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Unformatted text preview: ACTL2003 Stochastic Modelling for Actuaries Week 12 Outline: I Brownian motiona review I Stochastic differential equations and Itˆ o’s formula I Stochastic integration Readings: Ross, 9th Edition, Chapter 10 (10.110.3, 10.510.7) 1/18 Brownian motiona review I Definition A stochastic process { X t , t ≥ } is said to be a Brownian motion process, or simply Brownian motion , if: (1) X = 0; (2) { X t , t ≥ } has stationary and independent increments; (3) and for every t > 0, X t ∼ N ( , σ 2 t ) . I Definition: A stochastic process { X t , t ≥ } is said to be a Brownian motion process with drift coefficient μ and variance parameter σ 2 if: I X = 0; I { X t , t ≥ } has stationary; and independent increments; I For every t > 0, X t ∼ N ( μ t , σ 2 t ) . 2/18 Some of the strange behaviour of Brownian motion: I A Brownian motion { X t , t ≥ } is continuous with respect to time t everywhere, but it is (with probability one) differentiable nowhere. I Brownian motion will eventually hit any and every real value no matter how large, or how negative. No matter how far above the axis, it will (with probability one) be back down to zero at some later time. I Once Brownian motion hits a value, it immediately hits it again infinitely often (and will continue to return after arbitrarily large times). I It doesn’t matter what scale you examine Brownian motion on, it looks just the same. Brownian motion is a fractal. 3/18 Stochastic Differential Equations (SDEs) I As early as 1900, Bachelier proposed Brownian motion as a model of the fluctuations of stock prices. I However, Brownian motion is clearly inadequate as a market model, not least because it would predict negative stock prices. I However, by considering functions of Brownian motion we can produce a wide class of potential models....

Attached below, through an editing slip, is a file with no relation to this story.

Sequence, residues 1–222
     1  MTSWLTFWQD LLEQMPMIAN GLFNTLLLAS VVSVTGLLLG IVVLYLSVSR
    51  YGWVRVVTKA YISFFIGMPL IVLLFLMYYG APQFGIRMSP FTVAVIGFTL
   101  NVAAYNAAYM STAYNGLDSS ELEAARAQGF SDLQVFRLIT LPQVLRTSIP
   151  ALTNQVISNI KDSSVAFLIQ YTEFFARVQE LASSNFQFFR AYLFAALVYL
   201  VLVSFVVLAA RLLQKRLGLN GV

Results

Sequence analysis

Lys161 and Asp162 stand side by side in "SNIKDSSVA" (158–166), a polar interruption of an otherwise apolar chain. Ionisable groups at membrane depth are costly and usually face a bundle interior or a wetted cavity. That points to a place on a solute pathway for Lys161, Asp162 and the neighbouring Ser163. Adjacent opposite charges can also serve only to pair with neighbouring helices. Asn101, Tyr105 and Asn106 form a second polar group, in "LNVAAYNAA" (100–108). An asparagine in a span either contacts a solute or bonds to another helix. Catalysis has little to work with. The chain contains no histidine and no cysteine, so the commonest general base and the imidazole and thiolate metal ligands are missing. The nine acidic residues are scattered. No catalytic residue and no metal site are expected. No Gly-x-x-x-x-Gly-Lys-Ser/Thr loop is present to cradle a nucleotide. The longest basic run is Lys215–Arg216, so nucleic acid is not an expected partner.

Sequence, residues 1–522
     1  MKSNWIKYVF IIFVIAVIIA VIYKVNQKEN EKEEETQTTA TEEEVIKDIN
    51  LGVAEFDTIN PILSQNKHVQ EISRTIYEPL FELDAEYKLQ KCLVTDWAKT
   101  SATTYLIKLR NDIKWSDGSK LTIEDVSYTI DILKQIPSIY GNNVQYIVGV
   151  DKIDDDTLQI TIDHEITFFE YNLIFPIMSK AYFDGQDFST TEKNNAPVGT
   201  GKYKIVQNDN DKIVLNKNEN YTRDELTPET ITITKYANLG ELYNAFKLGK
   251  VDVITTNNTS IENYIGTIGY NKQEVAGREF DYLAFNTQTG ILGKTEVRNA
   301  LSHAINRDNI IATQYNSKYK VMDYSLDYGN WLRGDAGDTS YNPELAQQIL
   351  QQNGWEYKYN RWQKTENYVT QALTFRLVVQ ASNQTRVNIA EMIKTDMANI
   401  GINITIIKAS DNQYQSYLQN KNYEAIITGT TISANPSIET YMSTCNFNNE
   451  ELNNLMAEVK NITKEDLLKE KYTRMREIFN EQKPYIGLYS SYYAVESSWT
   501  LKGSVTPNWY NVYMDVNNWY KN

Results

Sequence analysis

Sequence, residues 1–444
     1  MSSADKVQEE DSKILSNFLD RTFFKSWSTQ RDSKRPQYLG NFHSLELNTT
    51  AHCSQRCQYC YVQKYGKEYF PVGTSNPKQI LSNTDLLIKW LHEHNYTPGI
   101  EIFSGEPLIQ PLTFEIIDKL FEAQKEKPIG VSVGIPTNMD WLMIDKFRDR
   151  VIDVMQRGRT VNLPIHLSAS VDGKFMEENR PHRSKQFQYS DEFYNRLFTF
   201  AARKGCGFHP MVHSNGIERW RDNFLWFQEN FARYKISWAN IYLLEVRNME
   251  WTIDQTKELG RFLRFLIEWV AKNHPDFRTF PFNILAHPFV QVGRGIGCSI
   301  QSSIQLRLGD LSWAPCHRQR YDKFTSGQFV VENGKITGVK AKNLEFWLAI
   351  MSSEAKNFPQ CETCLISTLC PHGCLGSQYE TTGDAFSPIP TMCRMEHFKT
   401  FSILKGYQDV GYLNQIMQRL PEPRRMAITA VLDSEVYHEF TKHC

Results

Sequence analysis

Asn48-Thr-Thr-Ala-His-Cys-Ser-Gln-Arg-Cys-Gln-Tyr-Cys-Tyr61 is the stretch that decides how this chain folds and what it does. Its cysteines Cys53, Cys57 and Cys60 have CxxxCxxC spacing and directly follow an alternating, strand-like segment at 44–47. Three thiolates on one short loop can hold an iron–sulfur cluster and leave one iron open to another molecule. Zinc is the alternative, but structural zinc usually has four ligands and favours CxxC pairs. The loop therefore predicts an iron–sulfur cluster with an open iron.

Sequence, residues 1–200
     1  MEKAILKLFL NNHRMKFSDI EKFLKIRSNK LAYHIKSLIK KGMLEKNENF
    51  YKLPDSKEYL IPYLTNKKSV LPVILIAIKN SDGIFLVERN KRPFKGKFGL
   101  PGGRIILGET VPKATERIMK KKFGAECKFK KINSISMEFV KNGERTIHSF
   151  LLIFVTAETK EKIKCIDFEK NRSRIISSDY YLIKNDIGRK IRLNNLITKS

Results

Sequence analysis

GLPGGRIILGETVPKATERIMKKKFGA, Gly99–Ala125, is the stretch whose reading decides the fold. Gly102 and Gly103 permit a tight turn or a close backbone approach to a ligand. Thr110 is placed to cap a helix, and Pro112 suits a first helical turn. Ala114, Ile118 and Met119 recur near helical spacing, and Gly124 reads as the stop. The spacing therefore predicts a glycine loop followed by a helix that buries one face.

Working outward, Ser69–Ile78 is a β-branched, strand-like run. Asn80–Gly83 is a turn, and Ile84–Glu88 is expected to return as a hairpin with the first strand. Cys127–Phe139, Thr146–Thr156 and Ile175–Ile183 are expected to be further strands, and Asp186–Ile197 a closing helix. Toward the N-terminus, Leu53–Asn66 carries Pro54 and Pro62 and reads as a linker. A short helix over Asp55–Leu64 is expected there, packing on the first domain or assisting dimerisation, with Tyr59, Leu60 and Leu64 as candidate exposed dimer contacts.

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This note was uploaded on 06/12/2011 for the course ASB 2003 taught by Professor Kim during the Three '11 term at University of New South Wales.
 Three '11
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